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Rocky Mountain National Park staff exploring proposed hike in camping fees

Public feedback is encouraged
Posted at 7:46 AM, Aug 29, 2019
and last updated 2019-08-29 09:46:46-04

Would you pay a few extra dollars to camp in one of Colorado’s most popular parks?

Staff at Rocky Mountain National Park have proposed a fee change to stay in its campgrounds.

The proposed price hike would increase summer camping fees from $26 to $30 per night and winter camping from $18 to $20 per night.

In addition, the proposal included a flat rate for group sites at the Glacier Basin Campground. The fees here are currently $4 per person per night. The proposed flat rate would cost:
· $40 for a small group site (which holds 9-15 people)
· $50 for a medium group site (which holds 16-25 people)
· $60 for a large group site (which holds 26-40 people).

“Camping is very popular in Rocky Mountain National Park,” said Park Superintendent Darla Sidles. “We want to keep our campground fees affordable and provide visitors with the best possible experience. We feel that our proposed campground fee change is an incredible value.”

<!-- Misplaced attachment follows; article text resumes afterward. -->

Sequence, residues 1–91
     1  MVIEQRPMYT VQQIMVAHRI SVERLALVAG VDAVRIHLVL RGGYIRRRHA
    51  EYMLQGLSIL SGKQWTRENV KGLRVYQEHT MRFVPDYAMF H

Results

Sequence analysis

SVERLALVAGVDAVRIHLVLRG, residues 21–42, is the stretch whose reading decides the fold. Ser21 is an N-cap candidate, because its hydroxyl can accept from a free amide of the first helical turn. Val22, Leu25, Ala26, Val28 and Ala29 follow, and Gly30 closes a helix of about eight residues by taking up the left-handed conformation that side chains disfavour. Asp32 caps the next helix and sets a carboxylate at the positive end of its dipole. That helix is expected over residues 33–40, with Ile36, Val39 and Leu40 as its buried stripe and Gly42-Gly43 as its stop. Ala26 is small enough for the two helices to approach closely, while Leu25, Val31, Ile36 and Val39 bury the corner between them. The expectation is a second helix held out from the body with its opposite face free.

The current camping prices have stayed the same for the past four years.

In total, the park has five campgrounds — which includes 570 sites — open in the summer.

The Glacier Basin Campground is one of three reservation-based campgrounds in the park. The other two are Moraine Park and Aspenglen. All three typically fill up six months in advance. Moraine Park Campground has 77 sites available in the winter.

The other two campgrounds are first-come, first-serve. They are called the Longs Peak Campground and Timber Creek Campground. They typically fill up quickly, especially on Fridays and the weekends. Longs Peak usually fills up faster than Timber Creek.

All campground fees at Rocky Mountain National Park are based on comparable process for similar services in other campgrounds in the area.

Thanks to the Federal Lands Recreation Enhancement Act, each national park retains 80 percent of the money collected through its individual entrance and amenity fees, including camping. This money helps the parks pay for projects that directly benefit visitors. At RMNP, those projects have included:
· Park’s visitor shuttle system
· Renovation of all restroom facilities throughout the campgrounds
· Extensive hazard tree mitigation near facilities
· Hiking trail enhancements

The remaining 20 percent of the money is distributed throughout the National Park System.

Park staff are seeking feedback on this proposed change in camping fees. Want to share your thoughts? Email by Sept. 27.